Tunisia is actually contributing the most foreign fighters to ISIS: no less than 2,000. Several reasons explain why the country that is the cradle of the Arab Spring and the only successful democracy has produced so many ISIS members. They include a high unemployment rate among the youth and a rise of Islamism in the country after a victory by the Muslim Brotherhood in the general election.
In late October 2014, Tunisian counter-terrorism forces raided a house in the capital and engaged in an armed clash with several militants, killing six of them and arresting 30 others. Five of the killed militants were college girls and some of them were trained in using weapons and fighting in Syria and Iraq. Tunisian writer al-Manji al-Saeedani says the investigations conducted by the Tunisian Ministry of Interior revealed that those young militants were attracted by Tunisian ISIS members who came from Syria and Iraq. Money and sex helped in the recruitment.
Another 19-year old boy seduced three girls, married them and recruited them. Each member was paid $1200 monthly, which is a lot of money for a student.
Unlike the expected norm of recruiting poor and ignorant youth, those who were killed were highly educated and not poor. One of the girls was a 20-year-old engineering student who was recruited by a female medical student. The engineering student recruited her sister, and both of them were killed in the clash. Another 19-year-old boy seduced three girls, married them, and recruited them. Each member was paid $1,200 monthly, which is a lot of money for a student. Six female leaders came back to Tunisia from Syria and Iraq and trained other females on weapons and explosives. Some of the females were threatened with sexual videos they appeared in if they didn’t carry out their orders, which included renting safe houses and buying supplies.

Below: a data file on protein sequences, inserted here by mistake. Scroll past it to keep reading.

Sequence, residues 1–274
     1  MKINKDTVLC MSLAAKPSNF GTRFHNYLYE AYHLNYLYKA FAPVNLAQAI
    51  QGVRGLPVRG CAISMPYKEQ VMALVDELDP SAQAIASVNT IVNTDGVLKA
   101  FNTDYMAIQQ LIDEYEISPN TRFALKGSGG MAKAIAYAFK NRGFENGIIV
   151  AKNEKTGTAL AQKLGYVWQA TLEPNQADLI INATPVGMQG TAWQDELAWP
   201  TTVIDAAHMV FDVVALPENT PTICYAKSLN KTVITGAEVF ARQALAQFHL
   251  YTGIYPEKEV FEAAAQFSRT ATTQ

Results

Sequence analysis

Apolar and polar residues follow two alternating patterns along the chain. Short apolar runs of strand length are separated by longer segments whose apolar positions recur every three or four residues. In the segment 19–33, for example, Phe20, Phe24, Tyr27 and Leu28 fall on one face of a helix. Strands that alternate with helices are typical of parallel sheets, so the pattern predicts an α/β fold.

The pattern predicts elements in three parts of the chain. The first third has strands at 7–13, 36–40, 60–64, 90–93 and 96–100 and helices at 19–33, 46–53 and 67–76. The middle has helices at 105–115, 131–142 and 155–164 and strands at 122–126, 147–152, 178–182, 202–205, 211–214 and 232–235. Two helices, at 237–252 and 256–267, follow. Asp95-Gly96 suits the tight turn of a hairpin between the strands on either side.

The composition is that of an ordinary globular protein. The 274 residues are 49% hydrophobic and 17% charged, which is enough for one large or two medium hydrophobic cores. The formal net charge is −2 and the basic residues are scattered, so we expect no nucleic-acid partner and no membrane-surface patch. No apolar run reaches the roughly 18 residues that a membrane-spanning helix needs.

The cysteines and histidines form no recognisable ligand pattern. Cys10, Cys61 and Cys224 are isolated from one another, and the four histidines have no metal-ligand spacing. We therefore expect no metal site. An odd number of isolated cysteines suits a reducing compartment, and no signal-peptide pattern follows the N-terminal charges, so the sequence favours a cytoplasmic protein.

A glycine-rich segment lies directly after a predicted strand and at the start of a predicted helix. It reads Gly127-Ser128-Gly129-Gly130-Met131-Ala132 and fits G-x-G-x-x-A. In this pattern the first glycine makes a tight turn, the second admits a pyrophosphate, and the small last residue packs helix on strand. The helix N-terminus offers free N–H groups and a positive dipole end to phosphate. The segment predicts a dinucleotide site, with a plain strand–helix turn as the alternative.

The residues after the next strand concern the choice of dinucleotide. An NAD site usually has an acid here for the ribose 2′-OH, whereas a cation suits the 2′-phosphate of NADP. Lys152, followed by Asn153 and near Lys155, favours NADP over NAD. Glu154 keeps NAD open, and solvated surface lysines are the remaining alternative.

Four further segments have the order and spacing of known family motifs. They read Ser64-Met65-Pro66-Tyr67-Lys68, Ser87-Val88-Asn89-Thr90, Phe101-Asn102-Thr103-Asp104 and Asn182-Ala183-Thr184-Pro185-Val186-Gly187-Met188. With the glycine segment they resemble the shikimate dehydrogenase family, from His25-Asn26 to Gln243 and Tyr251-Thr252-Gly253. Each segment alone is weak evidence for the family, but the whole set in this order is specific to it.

The Merger of Jihad in Iraq and Syria
To understand the significance of these foreign units one must go back to August 2011 when Abu Bakr al-Baghdadi was the leader of the Islamic State of Iraq, an official branch of al-Qaeda. He had no more than several hundred members when he sent a group of his men led by a Syrian man called Abu Mohammed al-Julani to Syria to establish a base, taking advantage of the security vacuum caused by the Syrian revolution. In January 2012, the group was called al-Nusra Front.
Al-Nusra attracted many of the foreign fighters who came to fight with the Free Syrian Army, and it used them in its expansion. By April 2013, Baghdadi became so suspicious of al-Julani’s increasing success and independence that he decided to declare the merger of the Islamic State in Iraq and al-Nusra Front into the Islamic State of Iraq and Syria (ISIS), saying that he had established, funded, and supported al-Nusra.
A power struggle started between the two groups that led to armed clashes. Al-Qaeda chief Ayman al-Zawahiri ruled against al-Baghdadi and finally disavowed his group from al-Qaeda in February 2014.
By that time, ISIS had managed to attract most of the foreign fighters who joined al-Nusra. One of the reasons was that ISIS used that period of time to gradually dominate the city of Raqqah, the only major city in Syria controlled by the rebels. By January 2014, ISIS completely controlled al-Fallujah in Iraq and al-Raqqah in Syria. By controlling cities, it drew foreign fighters to its ranks.
“Aligning with ISIS gives other rebel groups access not only to supplies and weapons, but also to the ISIS brand, therefore raising their status and appeal to individuals looking to join the movement. The cachet the Islamic State lends to groups (both hardened fighters and newcomers), is immense. Once a unit folds into the Islamic State, they can be guaranteed support and success in battle,” said Joe Balzano, one of the four TRAC researchers who conducted the research.